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Tuesday, 2 December 2003
Page: 23445

Mr WINDSOR (3:59 PM) —In speaking to this matter of public importance, I think that there are going to be two very important political issues for us, and they are at both ends of the age spectrum. Obviously, care for the aged is going to be a critical issue as we move through the next 20 years. I do not think that anybody would deny that it is going to be a dilemma for governments in terms of funding, and the aged care lobby group is going to be quite powerful in the way that it could impact on the political process. The issue at the other end of the spectrum is providing affordable housing for our young people. If those two dilemmas are not addressed by governments of various persuasions, they will face some political heat further down the track.

Obviously, coming to grips with an ageing population is a dilemma for any government—particularly when we view the demographics and what is going to happen in terms of that ageing group. There is a hump that we are going to go over, where there could be quite a lot of capital expenditure incurred and then there will be empty accommodation further down the track. It is a dilemma that governments do have to deal with.

I would like to pay a compliment to the former Minister for Ageing, Kevin Andrews, and I wish the new minister well in her portfolio. The former minister was starting to address some of the key issues in the ageing portfolio—particularly those in regional areas. One of the things that I was pleased to see was that he was revisiting the process by which the formula is imposed—the number of people aged over 70 per thousand head of population—given that a lot of people do not access facilities until they are in their late 70s, or even in their 80s, and there is a changing usage pattern. I would encourage the new minister to maintain that review process in relation to the formula.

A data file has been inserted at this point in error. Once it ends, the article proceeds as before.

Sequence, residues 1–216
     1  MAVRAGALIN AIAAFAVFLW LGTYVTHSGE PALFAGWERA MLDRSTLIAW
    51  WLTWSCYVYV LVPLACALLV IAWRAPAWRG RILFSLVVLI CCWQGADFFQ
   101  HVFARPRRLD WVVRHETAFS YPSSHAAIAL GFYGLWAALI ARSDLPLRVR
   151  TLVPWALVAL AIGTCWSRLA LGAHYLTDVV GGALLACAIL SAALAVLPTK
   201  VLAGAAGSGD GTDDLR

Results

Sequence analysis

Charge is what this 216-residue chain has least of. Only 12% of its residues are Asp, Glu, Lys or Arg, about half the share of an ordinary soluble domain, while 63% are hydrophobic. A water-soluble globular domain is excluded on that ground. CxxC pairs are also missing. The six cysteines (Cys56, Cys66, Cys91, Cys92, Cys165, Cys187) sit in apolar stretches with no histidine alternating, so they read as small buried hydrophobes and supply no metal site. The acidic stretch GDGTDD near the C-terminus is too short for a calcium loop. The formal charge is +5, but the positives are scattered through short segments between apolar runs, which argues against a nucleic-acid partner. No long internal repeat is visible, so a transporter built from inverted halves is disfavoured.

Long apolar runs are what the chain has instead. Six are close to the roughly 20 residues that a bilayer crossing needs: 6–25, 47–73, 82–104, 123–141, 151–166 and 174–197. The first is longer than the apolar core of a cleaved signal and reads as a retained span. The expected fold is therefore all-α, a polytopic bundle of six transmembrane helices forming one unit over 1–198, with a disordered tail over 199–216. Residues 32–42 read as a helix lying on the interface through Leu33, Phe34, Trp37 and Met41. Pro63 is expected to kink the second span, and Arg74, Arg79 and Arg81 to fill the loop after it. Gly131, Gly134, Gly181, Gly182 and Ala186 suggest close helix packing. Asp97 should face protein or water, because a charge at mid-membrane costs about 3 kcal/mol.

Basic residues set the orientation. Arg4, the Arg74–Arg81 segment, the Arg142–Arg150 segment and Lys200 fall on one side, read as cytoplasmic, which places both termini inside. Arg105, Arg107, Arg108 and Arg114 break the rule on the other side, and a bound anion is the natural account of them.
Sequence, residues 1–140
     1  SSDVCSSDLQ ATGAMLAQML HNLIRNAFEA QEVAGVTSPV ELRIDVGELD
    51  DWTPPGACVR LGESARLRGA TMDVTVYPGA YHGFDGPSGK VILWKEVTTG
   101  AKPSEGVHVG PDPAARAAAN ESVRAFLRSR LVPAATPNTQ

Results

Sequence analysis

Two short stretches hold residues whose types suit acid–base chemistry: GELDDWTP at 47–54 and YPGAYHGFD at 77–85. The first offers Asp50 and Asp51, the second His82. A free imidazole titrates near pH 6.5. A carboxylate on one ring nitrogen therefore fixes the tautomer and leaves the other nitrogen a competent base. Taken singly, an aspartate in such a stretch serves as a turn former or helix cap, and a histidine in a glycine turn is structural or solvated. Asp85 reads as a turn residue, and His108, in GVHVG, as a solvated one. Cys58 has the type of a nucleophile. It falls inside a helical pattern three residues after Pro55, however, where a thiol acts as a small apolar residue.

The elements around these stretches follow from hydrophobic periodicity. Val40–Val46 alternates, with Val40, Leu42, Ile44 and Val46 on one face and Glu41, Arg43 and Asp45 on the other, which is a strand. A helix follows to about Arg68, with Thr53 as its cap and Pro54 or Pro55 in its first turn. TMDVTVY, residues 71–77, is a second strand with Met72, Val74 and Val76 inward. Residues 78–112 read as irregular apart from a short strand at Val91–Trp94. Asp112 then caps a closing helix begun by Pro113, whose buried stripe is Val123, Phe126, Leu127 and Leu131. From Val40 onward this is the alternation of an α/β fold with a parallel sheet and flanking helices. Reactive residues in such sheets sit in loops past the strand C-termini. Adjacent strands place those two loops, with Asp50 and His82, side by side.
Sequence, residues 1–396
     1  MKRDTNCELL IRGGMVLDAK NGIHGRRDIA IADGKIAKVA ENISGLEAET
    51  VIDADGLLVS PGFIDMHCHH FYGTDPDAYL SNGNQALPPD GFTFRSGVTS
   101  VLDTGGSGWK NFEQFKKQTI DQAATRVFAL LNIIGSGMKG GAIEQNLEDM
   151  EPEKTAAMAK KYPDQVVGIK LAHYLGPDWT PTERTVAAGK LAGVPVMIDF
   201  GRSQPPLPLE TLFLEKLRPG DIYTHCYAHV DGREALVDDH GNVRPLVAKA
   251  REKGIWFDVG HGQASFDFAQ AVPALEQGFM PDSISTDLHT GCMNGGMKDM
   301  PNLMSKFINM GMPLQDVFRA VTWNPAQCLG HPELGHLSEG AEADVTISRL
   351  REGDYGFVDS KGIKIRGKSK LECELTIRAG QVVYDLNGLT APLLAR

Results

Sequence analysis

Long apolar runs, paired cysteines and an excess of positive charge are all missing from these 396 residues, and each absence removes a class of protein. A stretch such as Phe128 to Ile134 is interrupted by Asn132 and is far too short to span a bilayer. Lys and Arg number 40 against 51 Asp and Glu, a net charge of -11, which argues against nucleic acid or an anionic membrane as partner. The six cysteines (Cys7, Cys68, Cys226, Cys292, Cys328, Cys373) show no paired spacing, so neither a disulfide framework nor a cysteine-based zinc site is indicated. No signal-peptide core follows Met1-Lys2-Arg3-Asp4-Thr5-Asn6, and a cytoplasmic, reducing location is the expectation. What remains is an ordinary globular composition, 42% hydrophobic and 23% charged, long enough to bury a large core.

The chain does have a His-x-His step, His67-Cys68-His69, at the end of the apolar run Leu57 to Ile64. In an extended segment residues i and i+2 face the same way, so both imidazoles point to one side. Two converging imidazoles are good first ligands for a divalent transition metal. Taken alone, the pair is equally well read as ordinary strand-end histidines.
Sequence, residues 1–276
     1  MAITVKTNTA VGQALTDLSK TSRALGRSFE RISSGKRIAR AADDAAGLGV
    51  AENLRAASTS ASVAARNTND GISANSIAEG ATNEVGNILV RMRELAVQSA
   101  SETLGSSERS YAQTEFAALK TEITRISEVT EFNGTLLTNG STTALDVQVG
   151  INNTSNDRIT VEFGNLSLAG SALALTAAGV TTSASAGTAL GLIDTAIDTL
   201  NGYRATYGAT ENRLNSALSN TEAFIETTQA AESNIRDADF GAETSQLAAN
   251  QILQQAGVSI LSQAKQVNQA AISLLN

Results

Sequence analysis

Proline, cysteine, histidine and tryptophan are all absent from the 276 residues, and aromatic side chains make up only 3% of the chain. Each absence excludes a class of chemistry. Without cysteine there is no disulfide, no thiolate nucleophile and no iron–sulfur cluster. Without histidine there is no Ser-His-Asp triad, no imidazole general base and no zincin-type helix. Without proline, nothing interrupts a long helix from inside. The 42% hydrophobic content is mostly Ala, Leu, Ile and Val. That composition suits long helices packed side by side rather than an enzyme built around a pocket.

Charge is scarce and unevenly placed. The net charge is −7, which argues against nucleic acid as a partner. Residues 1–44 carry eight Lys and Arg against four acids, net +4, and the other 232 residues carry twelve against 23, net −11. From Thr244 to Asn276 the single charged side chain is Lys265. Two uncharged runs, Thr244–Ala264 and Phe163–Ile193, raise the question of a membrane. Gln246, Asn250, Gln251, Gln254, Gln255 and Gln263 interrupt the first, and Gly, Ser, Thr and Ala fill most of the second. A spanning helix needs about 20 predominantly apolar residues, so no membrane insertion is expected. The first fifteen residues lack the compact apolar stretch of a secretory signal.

Being a country member, one of the criticisms that I have in relation to the formula is the way in which it takes very little regard of distance, remoteness and smallness. There are a number of things that I think are having a positive impact in relation to that, and I will mention those in a moment. But I think, in any review of the distribution of aged care beds—whether they be high care, low care or care at home—those factors of distance, remoteness and smallness should be taken into account. In regional areas in particular, they do have an impact on the viability of communities and the capacity of those communities to maintain the wisdom of their elderly in the environment in which they lived their younger lives. People do make decisions much earlier if they believe that they are not going to be able to remain in the community in which they have lived their lives and raised their families. They make decisions to move to places where facilities may be far better.

In relation to that issue, when the former minister, Kevin Andrews, came to my electorate, I did some numbers on the size of his electorate, particularly taking into account the aged care formula, and I found that his electorate is something like 100 square kilometres—a typical urban electorate. It has a similar number of voters to the electorate of New England, and essentially the same formula was used to determine the number of aged care beds. I checked on the electorate of the new Minister for Ageing and found that her electorate is about 93 square kilometres, so the figures are fairly similar. The electorate of New England is 500 times bigger than those two urban electorates, even though the aged care formula is not significantly different, and I do understand that there are some minor variations in relation to that theme. The electorate next door to me—the electorate of my good friend the member for Gwydir—is 1,500 times bigger, but it still has to essentially use that same formula. So I would encourage the government, in revisiting that formula, to look at the distance and remoteness factors.